Vodka: Time for a Vodka Revolution

With craft distilleries fuelling the gin boom Matthew Attwood asks if vodka – still the UK’s favourite spirit – could be next in line for a renaissance.

Many traditional inns, with their emphasis on home-from-home hospitality and top-quality food and drink with a local slant, have participated with gusto in the gin boom of recent years. The enduring popularity of local ingredients has bolstered the popularity of craft gin at the bar, and landlords in most British regions are able to offer a gin with local botanicals, from douglas fir in the Cairngorms to Yorkshire lavender and Cornish samphire.

Vodka producers are doing their best to compete. The brewer and wine merchant Adnams, itself a beneficiary of the gin boom, offers no fewer than four vodkas distilled from grains produced near its Suffolk HQ. These include a peppery rye variety and an amber vodka made with barley, wheat and oats, aged in oak barrels and offering tones of vanilla, white chocolate and coconut.

If the tasting characteristics of East Anglian grains sound arcane, the West Dorset producer Black Cow offers the world’s only vodka made purely from milk, conferring a “unique creamy character”, while other small-batch producers offer a seemingly limitless range of flavoured varieties covering the spectrum of the human palate, from tea to toffee. The distillers Blackdown in Sussex even offer a vodka made with sap from the silver birch tree which has, we are assured, a “a delicate sweetness”.

Some of the following winds propelling the gin market also apply to vodka. Indeed, vodka was in at the beginning of the small-batch revolution when William Chase, the Herefordshire farmer behind Tyrells crisps, obtained a distilling license in 2008, overturning the previous ban on new stills below a massive 18 hectolitres in size.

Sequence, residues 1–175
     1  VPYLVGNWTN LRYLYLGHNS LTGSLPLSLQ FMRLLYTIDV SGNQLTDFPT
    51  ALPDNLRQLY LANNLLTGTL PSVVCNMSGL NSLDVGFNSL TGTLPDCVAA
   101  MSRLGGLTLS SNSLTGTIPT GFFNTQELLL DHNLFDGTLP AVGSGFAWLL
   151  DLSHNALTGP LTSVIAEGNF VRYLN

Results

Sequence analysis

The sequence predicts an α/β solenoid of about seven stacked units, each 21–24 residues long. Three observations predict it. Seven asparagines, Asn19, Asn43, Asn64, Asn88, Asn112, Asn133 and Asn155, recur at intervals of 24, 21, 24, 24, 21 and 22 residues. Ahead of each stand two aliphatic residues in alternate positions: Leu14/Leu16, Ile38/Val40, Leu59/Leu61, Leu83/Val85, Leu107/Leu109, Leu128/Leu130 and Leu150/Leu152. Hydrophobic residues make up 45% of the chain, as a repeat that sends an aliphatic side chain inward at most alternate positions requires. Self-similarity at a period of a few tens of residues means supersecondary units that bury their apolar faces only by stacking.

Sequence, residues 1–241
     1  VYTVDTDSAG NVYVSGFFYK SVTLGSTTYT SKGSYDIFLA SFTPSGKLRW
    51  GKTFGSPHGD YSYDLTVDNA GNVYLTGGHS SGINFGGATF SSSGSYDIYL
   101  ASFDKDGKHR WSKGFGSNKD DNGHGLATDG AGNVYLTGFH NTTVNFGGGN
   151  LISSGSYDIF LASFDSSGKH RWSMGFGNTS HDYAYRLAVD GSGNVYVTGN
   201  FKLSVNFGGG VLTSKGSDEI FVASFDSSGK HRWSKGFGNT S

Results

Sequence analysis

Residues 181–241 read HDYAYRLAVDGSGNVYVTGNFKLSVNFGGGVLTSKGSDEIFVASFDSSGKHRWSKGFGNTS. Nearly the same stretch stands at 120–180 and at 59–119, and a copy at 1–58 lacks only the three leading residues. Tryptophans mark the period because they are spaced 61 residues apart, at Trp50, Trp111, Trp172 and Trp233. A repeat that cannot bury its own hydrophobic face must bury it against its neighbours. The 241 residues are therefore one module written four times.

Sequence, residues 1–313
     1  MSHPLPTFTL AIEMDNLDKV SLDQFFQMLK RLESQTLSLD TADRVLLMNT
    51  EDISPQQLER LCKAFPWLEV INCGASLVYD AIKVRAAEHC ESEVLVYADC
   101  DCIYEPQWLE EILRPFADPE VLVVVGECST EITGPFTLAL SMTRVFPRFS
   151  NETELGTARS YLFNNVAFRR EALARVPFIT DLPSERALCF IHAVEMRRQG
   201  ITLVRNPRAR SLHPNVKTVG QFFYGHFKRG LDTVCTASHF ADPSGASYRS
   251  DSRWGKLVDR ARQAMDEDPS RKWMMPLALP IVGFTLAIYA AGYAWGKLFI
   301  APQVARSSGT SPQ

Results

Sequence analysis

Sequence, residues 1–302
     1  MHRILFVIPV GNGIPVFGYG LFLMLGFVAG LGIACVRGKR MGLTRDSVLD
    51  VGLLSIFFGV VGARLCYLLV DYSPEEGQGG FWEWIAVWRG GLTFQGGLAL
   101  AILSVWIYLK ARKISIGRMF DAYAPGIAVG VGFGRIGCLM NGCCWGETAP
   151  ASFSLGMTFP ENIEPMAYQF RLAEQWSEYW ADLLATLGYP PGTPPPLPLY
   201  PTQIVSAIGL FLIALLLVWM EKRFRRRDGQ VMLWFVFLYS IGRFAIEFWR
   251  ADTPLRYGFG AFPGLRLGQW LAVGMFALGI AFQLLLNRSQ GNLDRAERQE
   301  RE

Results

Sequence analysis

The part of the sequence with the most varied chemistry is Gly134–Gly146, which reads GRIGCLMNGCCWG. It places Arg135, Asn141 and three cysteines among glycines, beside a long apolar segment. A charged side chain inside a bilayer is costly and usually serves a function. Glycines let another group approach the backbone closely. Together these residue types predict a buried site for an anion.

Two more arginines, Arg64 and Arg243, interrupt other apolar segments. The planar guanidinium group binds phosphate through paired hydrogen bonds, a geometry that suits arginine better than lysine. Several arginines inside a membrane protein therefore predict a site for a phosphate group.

Winning gold at the San Francisco World Spirits Competition a mere two years later, Chase has since increased his offering to encompass a new vodka made from local cider apples and flavoured varieties includ- ing marmalade, rhubarb and a smoked version.

So, the vodka revolution is upon us? Not quite. Mark Reynolds, founder of the Three Cheers  Pub Company in South London, which operates the Tommyfield, Kennington’s only boutique hotel, is unconvinced.

“At the moment, gin is holding all the cards. People who buy gin are interested in botanicals and provenance but with vodka it is more about brand. They want to buy into the image,” he said.

While the vodka brands are trying to change this, with their inventive approach to ingredients, Reynolds is unsure of customer demand: “I think the consumer is still some way behind this.”

James Pidgeon, owner of the Weary Ploughman Inn near Brixham in South Devon, had a 30-year career in the wine and sprits business, including long stretches as a specialist spirits buyer, before becoming a landlord.

He believes flavoured vodkas have given way to gin in recent years, with drinkers preferring the subtle impact on flavour of the botanicals added to distilling vessels. For those interested in process, this is a more enticing prospect than drinks in which the flavour has simply been added to the spirit.

“You can get wonderful vodkas,” says Pidgeon, who stocks Black Cow, “but it is harder to get that distinctive feel from the distilling process, and taking a neutral spirit and adding a flavour is not the same thing.”

Still Number One